By Dr. Amina Nawaz
A postdoctoral researcher at the Center for Islamic Theology at the University of Tübingen, Dr. Nawaz specializes in early modern Mediterranean History.
Tübingen - This year, Lent, Passover and Ramadan all began in quick succession. Each of us embarked on our sacred fasts with a keen awareness of the strange times in which we find ourselves. And yet it is precisely because of our holidays, that we recall the many times in our sacred histories that these seasons of fasting hearken to times of intense trial, sacrifice, death and rebirth. Perhaps this year, unlike many others, we will be able to feel new resonances from these ancient rituals and draw strength from our solidarity.
Similar to Lent, Easter and Passover, Ramadan is a season for community, generous hospitality and charity, deep reflection, prayer and renewal. This Ramadan, we have a unique opportunity to engage in many aspects of the season that often get subsumed in the usual runaround of daily life and evening gatherings full of family and friends eating, laughing and praying together. Stationed in our homes, we will be forced to sit with ourselves and observe and hear what flows up and out of our hearts. Many of us who have the privilege to work from home will have cherished time with children, to tell stories, write songs and make crafts that celebrate the symbols of the season. With our high streets and shops still mostly closed, we have the rarest of opportunities in our lifetime — to fast from our rampant consumerism and consumption. Without large dinner gatherings to plan for, we can take this chance to focus on the often-overshadowed dimension of generosity, that of humble simplicity.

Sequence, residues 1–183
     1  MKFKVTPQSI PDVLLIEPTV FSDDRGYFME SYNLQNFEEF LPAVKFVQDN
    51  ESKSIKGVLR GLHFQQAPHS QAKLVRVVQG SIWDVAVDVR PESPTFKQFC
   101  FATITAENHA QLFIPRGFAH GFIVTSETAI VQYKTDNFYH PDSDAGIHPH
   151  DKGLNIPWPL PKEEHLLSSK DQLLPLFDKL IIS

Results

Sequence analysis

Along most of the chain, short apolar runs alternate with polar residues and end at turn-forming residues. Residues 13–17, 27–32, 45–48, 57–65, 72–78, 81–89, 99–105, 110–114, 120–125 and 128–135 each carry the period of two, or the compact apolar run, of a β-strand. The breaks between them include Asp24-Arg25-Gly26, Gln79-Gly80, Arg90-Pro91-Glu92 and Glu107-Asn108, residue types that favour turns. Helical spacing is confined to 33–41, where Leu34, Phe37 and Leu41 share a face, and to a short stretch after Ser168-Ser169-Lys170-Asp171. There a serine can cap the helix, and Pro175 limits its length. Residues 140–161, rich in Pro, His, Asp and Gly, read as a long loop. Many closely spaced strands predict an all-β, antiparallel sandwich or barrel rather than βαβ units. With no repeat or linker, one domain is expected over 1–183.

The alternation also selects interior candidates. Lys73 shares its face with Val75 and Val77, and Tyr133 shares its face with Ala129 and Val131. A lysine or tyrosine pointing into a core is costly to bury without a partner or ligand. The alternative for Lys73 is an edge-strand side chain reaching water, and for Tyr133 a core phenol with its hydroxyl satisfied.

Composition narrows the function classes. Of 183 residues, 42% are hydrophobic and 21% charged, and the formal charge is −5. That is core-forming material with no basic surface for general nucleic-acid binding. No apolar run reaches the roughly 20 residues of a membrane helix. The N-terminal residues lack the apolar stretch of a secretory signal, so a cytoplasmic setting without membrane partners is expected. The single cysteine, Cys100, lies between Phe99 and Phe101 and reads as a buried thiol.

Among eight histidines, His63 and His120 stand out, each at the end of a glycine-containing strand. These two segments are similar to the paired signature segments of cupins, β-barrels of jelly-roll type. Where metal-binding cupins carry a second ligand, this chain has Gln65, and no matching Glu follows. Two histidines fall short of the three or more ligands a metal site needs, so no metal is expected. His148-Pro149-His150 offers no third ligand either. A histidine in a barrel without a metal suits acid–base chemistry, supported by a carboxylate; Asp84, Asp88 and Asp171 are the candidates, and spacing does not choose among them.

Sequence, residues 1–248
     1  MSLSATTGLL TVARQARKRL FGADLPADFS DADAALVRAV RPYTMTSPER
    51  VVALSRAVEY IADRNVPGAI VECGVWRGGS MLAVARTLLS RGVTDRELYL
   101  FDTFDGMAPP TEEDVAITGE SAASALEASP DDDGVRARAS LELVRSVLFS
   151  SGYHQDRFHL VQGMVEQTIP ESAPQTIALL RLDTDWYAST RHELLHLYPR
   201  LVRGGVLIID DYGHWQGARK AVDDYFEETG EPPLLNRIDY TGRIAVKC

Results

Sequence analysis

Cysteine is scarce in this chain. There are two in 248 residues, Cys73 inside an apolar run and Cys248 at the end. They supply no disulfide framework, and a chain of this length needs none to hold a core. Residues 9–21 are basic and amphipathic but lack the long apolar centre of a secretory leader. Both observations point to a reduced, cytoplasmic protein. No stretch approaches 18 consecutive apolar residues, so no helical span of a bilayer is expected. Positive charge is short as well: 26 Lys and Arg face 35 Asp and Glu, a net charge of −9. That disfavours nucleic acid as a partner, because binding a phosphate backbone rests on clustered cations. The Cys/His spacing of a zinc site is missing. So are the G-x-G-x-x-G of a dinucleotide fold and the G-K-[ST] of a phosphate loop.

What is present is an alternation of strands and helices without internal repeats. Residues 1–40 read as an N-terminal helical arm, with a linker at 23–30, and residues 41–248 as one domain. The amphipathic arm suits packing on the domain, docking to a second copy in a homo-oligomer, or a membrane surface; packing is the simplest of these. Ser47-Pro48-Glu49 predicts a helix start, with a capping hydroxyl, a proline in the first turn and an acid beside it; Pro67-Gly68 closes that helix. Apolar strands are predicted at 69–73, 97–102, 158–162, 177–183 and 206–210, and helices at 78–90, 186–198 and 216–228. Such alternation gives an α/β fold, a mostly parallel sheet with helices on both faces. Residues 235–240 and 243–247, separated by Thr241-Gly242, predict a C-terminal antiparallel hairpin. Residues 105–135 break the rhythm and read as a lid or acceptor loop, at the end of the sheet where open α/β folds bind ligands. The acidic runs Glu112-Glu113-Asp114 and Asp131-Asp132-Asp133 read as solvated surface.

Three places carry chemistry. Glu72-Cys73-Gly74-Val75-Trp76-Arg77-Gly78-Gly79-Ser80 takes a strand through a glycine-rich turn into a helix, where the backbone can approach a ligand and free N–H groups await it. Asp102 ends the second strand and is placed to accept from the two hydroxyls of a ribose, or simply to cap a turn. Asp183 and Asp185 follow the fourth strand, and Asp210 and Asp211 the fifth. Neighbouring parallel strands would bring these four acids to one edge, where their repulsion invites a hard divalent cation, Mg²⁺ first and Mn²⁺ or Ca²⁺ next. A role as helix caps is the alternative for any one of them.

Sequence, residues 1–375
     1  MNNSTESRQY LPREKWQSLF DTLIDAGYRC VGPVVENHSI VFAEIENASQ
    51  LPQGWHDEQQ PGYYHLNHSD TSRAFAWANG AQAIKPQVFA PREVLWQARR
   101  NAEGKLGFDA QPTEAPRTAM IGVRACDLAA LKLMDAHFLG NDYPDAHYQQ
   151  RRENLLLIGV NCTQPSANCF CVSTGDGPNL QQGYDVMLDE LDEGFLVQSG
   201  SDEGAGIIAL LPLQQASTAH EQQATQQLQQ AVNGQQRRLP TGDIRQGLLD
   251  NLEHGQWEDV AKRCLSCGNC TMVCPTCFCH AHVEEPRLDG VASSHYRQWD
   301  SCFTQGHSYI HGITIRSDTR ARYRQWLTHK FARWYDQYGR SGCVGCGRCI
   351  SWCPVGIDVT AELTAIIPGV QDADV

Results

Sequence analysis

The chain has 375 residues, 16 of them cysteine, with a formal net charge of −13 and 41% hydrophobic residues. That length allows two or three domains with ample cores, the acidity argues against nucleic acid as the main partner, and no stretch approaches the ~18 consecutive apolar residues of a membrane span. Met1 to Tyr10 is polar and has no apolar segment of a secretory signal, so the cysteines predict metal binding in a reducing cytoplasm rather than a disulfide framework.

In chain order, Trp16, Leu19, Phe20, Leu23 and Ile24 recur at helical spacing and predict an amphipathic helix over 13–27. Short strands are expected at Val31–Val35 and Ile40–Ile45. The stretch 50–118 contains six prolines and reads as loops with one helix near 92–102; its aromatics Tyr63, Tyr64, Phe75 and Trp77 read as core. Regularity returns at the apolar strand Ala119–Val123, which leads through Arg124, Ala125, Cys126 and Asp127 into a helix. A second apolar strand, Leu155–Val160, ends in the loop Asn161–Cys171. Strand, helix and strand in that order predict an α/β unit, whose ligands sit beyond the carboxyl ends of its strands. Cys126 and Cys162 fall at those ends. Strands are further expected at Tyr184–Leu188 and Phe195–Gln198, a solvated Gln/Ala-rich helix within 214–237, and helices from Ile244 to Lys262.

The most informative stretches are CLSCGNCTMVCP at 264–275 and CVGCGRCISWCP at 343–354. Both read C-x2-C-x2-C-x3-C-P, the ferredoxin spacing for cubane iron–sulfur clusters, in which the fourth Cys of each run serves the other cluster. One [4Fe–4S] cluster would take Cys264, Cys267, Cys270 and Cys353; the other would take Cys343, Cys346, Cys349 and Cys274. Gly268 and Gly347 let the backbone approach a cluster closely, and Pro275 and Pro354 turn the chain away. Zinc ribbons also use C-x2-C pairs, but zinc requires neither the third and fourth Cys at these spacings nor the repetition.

Most of all, we have a chance, unlike so many previous Ramadan years, to feel with visceral clarity the reality that so many of our brothers and sisters around the world face daily, regardless of the coronavirus quarantine. This year, as we sit in our own largely self-enforced lockdowns, we can be ever mindful of Uyghur, Kashmiri, Rohingya Muslims and many others for whom lockdown is not simply an inconvenience, but a living nightmare, one that we would be too scared to even dream. Let us ensure that this Ramadan, every time we feel the need to complain about our circumstances, we hold our tongue and turn instead to prayer for those whose needs are far greater than our own.
If Ramadan is “peak season” for charity in Islam, then this year, with a heightened awareness of the inequalities in our societies that this crisis has revealed, let us give with unbridled generosity. In helping our neighbours, tending to the most vulnerable and disadvantaged among our communities, and donating whatever we can to charities working on the frontlines of this crisis, including those tackling homelessness, medical and care needs, and loneliness and isolation, we can ensure the well-being of every member of our society. Here, perhaps we may also remember the beautiful prophetic tradition that “even a smile is an act of charity.” Passing on our smiles, from one to the other, we can combat incredible adversity with infectious hope.